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Bill Blum

Still No Justice for Michael Brown

A police car is set on fire after the announcement of the grand jury decision Monday in Ferguson, Mo. Police fired tear gas into crowds and there were reports of looting and fires set in the vicinity. AP/Charlie Riedel
Bill Blum
Contributor
Bill Blum is a former judge and death penalty defense attorney. He is the author of three legal thrillers published by Penguin/Putnam ("Prejudicial Error," "The Last Appeal" and "The Face of Justice") and is a…
Bill Blum

And so it has come to pass, the decision from the St. Louis County, Mo., grand jury that we have long anticipated: City of Ferguson police officer Darren Wilson will not be indicted for the Aug. 9 killing of African-American teenager Michael Brown. The grand jury has concluded there is no probable cause under state law to move forward with a criminal prosecution.

Wilson, newly married to a fellow cop and rumored to be preparing his resignation from active duty, will walk free and be able to rebuild his life. Michael Brown, of course, has no life to rebuild.

Although the grand jury’s decision comes as no surprise, it remains painfully difficult to accept, despite the highly detailed 20-minute speech delivered by the county’s top prosecutor, Bob McCulloch, announcing and defending the decision Monday evening.

According to McCulloch, the grand jurors worked “tirelessly” to conduct “a full and fair” investigation of the facts, unaffected by distractions created by the press and social media. They examined all the physical evidence, considered all the witness testimony, took note of the internal inconsistencies in some of the testimony given by Brown partisans as well as the inconsistencies between such testimony and the physical evidence, he stated. “They put their hearts and souls into this process,” McCulloch said, answering one reporter’s question at the conclusion of his speech. But after two days of deliberation, McCulloch explained, the grand jurors concluded there was “no probable cause” to conclude that Wilson had committed either murder or manslaughter or any other criminal offense.

McCulloch added that his office would post online, “with some exceptions,” all the witness testimony the grand jury heard and all the exhibits it considered. He concluded his prepared remarks, expressing “hope” that the community at large could learn from Brown’s “tragic” death and begin to “heal the old wounds.”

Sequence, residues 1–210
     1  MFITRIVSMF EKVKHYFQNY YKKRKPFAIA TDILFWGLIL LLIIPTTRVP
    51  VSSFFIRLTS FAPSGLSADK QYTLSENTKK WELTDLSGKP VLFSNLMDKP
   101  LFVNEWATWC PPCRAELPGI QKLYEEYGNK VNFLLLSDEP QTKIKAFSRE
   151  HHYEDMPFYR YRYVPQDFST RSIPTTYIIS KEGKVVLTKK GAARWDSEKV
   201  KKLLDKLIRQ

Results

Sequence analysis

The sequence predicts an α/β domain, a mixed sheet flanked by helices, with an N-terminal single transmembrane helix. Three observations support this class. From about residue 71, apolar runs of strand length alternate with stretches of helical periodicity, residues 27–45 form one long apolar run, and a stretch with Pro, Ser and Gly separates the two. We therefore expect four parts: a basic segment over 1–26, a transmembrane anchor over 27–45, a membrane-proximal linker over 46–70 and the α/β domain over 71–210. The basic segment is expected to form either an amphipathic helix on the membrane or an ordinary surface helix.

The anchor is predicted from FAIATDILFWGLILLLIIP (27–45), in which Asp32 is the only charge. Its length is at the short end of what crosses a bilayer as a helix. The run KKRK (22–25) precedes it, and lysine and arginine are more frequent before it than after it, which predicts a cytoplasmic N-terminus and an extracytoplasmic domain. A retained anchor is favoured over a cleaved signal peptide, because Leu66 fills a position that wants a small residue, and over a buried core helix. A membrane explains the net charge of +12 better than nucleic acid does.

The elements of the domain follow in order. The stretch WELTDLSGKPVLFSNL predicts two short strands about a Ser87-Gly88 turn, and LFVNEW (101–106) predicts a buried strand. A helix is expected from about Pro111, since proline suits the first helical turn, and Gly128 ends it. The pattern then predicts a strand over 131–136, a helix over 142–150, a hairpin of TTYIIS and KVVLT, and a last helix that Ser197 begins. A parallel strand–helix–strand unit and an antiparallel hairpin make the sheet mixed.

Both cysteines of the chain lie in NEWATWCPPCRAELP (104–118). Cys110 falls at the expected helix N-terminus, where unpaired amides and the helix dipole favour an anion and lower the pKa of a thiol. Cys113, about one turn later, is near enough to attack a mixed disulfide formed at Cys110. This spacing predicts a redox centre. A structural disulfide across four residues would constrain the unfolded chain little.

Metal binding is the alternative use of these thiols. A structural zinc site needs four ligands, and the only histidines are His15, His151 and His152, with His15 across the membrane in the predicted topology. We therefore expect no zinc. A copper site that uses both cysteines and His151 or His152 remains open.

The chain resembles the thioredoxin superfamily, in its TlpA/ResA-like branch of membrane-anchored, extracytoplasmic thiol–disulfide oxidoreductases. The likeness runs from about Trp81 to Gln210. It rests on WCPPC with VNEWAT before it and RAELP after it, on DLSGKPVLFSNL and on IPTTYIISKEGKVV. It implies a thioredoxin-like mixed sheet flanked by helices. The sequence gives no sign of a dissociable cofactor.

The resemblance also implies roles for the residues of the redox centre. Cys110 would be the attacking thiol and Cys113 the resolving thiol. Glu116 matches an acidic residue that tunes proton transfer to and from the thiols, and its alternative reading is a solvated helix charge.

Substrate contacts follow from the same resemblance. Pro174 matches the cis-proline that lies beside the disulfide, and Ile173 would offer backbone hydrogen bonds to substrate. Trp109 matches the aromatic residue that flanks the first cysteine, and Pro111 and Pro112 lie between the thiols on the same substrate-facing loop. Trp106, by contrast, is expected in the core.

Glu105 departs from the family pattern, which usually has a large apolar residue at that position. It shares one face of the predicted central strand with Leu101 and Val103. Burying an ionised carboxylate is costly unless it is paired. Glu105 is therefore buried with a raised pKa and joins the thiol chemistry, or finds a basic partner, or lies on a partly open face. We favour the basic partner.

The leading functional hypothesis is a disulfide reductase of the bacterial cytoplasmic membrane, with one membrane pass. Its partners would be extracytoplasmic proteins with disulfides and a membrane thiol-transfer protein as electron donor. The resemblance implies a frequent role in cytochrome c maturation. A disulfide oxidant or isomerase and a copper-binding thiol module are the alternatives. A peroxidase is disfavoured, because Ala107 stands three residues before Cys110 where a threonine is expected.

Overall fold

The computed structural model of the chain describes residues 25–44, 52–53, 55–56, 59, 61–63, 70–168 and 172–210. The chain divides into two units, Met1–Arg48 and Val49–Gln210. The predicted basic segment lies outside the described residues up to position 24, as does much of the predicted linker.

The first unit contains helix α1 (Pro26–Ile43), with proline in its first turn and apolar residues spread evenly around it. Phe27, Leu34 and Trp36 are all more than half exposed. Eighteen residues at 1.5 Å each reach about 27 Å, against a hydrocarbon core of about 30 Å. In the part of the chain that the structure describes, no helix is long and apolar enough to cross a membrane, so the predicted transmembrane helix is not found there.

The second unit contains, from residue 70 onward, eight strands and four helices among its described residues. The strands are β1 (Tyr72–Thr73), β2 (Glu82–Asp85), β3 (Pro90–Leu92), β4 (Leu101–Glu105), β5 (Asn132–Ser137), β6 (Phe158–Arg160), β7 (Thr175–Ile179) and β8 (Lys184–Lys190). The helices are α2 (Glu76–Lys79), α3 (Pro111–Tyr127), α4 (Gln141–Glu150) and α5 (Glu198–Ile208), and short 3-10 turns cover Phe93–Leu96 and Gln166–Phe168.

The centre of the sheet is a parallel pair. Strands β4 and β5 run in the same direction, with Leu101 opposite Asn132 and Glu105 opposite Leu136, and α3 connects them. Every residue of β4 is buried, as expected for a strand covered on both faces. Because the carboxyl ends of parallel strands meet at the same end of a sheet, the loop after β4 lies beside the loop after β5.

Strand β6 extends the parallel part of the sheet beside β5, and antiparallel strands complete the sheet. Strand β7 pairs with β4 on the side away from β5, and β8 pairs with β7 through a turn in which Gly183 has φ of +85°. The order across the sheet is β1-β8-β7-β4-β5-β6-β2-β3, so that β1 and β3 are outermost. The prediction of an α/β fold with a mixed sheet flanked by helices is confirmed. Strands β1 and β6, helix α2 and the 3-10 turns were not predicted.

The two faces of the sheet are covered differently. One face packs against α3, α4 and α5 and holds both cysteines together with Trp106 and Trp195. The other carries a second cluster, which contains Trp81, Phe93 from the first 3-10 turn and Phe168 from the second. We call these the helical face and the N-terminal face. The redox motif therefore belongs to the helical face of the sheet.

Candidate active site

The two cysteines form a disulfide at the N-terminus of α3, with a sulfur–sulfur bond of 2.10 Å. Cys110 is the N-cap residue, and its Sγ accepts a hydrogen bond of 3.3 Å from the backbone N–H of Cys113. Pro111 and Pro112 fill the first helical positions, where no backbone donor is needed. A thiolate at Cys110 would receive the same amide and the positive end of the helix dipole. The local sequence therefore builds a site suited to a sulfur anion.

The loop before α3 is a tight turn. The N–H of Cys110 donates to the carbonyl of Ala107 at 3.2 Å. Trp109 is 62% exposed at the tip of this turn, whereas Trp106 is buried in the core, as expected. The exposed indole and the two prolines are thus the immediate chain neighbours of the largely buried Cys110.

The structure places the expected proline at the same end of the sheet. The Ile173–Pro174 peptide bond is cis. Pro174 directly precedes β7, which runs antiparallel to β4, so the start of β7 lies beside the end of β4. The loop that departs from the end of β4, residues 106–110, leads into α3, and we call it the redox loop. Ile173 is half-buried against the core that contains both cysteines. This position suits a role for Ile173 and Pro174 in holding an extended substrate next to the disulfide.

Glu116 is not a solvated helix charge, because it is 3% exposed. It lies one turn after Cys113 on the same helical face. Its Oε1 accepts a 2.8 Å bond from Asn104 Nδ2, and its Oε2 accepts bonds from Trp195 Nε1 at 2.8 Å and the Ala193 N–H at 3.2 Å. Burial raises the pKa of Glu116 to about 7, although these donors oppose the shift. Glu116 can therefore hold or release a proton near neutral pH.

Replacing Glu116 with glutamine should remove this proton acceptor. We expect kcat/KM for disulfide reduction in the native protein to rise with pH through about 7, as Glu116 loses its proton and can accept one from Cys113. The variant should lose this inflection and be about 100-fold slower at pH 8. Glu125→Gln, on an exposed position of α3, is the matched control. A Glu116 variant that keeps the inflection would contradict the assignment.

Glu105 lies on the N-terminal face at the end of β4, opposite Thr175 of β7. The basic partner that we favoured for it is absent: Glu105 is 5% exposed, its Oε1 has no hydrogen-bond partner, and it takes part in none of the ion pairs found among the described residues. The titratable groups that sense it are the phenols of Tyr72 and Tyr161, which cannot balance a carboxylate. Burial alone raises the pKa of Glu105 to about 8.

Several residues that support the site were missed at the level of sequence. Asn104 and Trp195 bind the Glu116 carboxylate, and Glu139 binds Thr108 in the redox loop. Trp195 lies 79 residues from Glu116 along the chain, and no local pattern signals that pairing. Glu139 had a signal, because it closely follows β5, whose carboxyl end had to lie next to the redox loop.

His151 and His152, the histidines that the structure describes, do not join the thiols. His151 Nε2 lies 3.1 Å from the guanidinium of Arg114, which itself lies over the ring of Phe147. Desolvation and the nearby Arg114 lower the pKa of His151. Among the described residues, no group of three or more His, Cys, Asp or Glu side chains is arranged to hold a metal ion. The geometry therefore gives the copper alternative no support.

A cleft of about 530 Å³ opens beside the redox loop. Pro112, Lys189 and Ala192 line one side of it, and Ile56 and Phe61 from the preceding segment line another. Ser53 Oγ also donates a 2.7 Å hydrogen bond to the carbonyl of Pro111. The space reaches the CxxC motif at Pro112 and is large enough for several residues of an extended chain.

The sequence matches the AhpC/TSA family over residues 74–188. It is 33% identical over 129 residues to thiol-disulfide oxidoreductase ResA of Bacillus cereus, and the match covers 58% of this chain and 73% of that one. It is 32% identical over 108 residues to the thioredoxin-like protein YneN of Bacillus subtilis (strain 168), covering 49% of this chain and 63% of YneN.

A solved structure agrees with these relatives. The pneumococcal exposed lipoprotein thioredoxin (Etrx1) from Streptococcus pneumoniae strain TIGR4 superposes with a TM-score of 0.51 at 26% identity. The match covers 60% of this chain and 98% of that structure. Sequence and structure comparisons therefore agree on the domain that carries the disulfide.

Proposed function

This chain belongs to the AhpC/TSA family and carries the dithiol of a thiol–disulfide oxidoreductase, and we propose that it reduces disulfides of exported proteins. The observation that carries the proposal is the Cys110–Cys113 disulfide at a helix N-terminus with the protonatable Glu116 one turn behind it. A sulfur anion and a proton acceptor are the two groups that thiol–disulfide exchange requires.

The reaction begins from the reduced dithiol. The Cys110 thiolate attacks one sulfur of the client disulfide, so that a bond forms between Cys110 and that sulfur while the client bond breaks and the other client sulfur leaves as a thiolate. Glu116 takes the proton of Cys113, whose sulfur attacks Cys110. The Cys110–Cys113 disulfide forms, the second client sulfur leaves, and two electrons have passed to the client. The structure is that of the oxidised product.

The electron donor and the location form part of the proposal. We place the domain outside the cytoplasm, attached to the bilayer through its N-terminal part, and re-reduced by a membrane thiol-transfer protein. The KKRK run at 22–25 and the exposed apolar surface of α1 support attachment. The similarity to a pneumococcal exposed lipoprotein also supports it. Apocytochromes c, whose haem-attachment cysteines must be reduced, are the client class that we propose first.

In the coming days, as I and countless others pore over the evidence presented to the grand jury, I will be asking at least two basic questions:

1. What kind of evidentiary showing must be made to indict a police officer for homicide in St. Louis County?

As McCulloch slogged through his summary of the evidence, the probable cause standard that governs grand jury deliberations got lost in the shuffle. Probable cause, it must be emphasized, isn’t the same as proof beyond a reasonable doubt, the standard of certainty that must be met to convict in a criminal trial.

Probable cause means only that a reasonable ground exists, based on facts, that a suspect has committed an alleged offense. As such it is an extremely low bar, one of the most relaxed thresholds known to the American criminal justice system. That’s why, as I wrote in an earlier column about Michael Brown: “In felony trials in the federal courts—where grand juries are required under the Fifth Amendment unless waived by the defendant—the U.S. Attorney’s Office secures indictments at a rate of more than 99 percent.”

In St. Louis County, a little less than half of all felonies are presented to grand juries. The rest are presented in open court to judges at preliminary examinations, which are also governed by the probable cause standard. Still, as I also noted in my previous column, citing Dana Milbank of The Washington Post, there have been at least a dozen fatal police shootings in the county since 1991 when McCulloch took office, but not a single prosecution, not a single indictment.

The old adage that a grand jury would indict a ham sandwich is true most everywhere, except, apparently, for grand juries that take direction and advice from McCulloch, and the ham sandwich in the dock wears a blue uniform.

2. Exactly what old wounds does Bob McCulloch hope to heal?

McCulloch’s vague reference to the “old wounds” he hoped the grand jury’s investigation might heal was perhaps even more disturbing than his anemic discussion of probable cause. If Wilson fully complied with the law, what wounds in McCulloch’s estimation would Brown’s death mend or cure?

Was the county’s chief prosecutor referring to the racial profiling practiced by the nearly all-white Ferguson Police Department? Or was he thinking in larger, national terms of the disproportionate dangers black youth face of being shot to death by police officers, or the disgraceful fact that during their lives, one in three black men in the U.S. can expect to serve time in jail or prison?

As I listened to McCulloch, I had the sinking feeling that he was referring to none of the above, and that underlying his remarks was the same old subtext that black inner-city youth bring about their own destruction.

Maybe as I wade through the grand jury evidence online, I’ll come away with a kinder opinion of how this case has been handled. Listening to McCulloch’s speech, however, I have to say that I have no probable cause to believe that I will.

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